Lævís og slyng þau læðast í hring,
lokka þig kringum Bæjartjörn.
Artful and clever they sneak around
coax you around the Bæjartjörn.
Bæjartjörn is the central square of Ásgarð, the home of the æsir, gods.
Vilja úr leyni vinna þér mein,
villidýr reynast hefnigjörn.
They wish to harm you from a hiding place
wild animals prove to be vengeful
One of the most difficult to translate parts, I found. “Úr leyni” means “from hiding”, or “from somewhere they cannot be seen”. “Að vinna” means “to work”, but “vinna þér mein” translates as “cause you harm”. The verb “reynast” means “to turn out to be”, but with the additional meaning that this has been proven to be so before; something turns out to be the way it’s expected to be. Not exactly easy to fit in one English stanza.
Óðinn vs. Fenris.
Þig vilja hryggja, þau eru stygg.
Þagna mun Frigg og fölna Hörn.
They want you to grieve, they are distrustful/loath
Frigg will fall silent and Hörn will turn pale
Þig vilja hryggja might sound a little confusing. You’re supposed to look at the form of the verb, which tells you who is doing what – vilja is a plural, so it means that some others want the singular “you” of the sentence to grieve.
Stygg, the dictionary says, means shy. Yet it does not, not in the same meaning as shy has in English: an animal can be stygg if it’s been mistreated for a long time and it’s learned that humans are not to be trusted.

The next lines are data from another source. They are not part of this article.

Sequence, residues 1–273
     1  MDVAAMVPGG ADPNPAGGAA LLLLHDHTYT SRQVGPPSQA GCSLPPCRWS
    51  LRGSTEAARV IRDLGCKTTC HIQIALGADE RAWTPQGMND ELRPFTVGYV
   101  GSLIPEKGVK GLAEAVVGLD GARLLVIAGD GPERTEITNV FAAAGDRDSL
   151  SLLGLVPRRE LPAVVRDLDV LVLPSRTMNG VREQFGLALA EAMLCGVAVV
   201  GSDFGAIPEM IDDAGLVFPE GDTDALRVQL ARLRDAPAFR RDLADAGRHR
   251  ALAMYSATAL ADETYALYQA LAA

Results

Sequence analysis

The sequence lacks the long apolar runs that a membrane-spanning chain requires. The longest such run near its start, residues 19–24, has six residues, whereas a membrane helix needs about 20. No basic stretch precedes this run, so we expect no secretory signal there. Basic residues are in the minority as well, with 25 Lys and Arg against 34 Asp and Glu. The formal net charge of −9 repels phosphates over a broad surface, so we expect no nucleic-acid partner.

Frigg is the wife of Óðinn. She’s a goddess of the home, marriage and love, and she knows the future yet never speaks of it – and indeed, she will fall silent here as well even though she knows what’s going to happen.
Hörn is a battle-ready goddess who receives half of the slain (the other half going to Óðínn’s place), rides either a wild boar or a chariot pulled by two cats and owns a necklace called Brísingamen… yes, it’s one of Freyja’s names. She’s not a typical love goddess either, she’s known to be fierce enough to stand against Þór (he rather wore a dress than made her any angrier than that). There are theories that state that Frigg and Freyja might originally have been the same goddess, but this cannot be proven this way or that. It’s clear though that they’re goddesses of very different types of love.
So now that the lyrics are translated and all the names are explained – you guessed it, now would be the time to re-write the stanzas so that the meaning stays the same but the words fit the music. With both end rhymes and the traditional Icelandic ones. Well… you can now try it if you like and I wish you the best of luck! I’m going to try it as well, let’s get back to it in… say… three months time.
* Völsunga saga: she also plotted for his death, killed his son by her own hands and eventually herself, to be burned on his funeral pyre with him.
**Brennu-Njáll’s saga. She’s called Hildr, but in Völsunga saga she mentions that Hildr is another name for her.